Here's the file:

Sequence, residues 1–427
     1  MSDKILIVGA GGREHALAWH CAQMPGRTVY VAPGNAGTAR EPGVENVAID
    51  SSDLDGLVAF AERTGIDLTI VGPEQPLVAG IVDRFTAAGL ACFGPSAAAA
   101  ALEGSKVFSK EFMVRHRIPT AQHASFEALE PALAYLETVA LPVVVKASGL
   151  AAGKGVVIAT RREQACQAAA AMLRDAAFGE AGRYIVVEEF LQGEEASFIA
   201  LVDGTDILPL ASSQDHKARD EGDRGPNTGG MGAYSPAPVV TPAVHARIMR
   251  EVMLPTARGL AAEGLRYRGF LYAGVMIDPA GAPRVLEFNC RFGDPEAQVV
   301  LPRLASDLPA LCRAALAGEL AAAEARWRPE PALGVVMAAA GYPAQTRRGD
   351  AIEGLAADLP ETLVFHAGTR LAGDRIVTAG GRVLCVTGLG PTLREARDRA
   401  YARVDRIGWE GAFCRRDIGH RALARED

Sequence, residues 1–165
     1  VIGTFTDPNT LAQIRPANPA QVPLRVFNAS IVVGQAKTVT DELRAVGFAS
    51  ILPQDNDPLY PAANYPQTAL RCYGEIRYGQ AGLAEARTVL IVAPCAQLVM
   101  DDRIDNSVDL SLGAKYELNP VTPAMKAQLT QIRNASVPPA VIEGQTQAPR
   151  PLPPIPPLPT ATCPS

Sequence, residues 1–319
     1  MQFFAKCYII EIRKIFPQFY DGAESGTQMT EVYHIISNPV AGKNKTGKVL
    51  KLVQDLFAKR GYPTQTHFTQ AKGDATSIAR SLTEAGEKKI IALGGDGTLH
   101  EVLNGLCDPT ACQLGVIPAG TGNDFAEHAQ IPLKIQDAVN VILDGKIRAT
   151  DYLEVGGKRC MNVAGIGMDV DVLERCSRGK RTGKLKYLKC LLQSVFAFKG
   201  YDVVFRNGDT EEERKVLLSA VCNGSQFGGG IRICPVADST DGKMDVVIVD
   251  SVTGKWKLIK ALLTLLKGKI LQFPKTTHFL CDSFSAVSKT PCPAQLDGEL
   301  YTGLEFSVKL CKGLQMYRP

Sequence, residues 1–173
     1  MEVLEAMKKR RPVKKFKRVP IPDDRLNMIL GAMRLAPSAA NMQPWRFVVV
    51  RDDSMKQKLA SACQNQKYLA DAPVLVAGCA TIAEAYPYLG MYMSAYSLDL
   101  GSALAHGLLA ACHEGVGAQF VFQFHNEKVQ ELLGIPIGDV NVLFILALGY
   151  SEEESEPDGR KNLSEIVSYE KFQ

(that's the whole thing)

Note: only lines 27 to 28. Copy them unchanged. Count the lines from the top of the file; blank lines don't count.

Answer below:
   101  GSALAHGLLA ACHEGVGAQF VFQFHNEKVQ ELLGIPIGDV NVLFILALGY
   151  SEEESEPDGR KNLSEIVSYE KFQ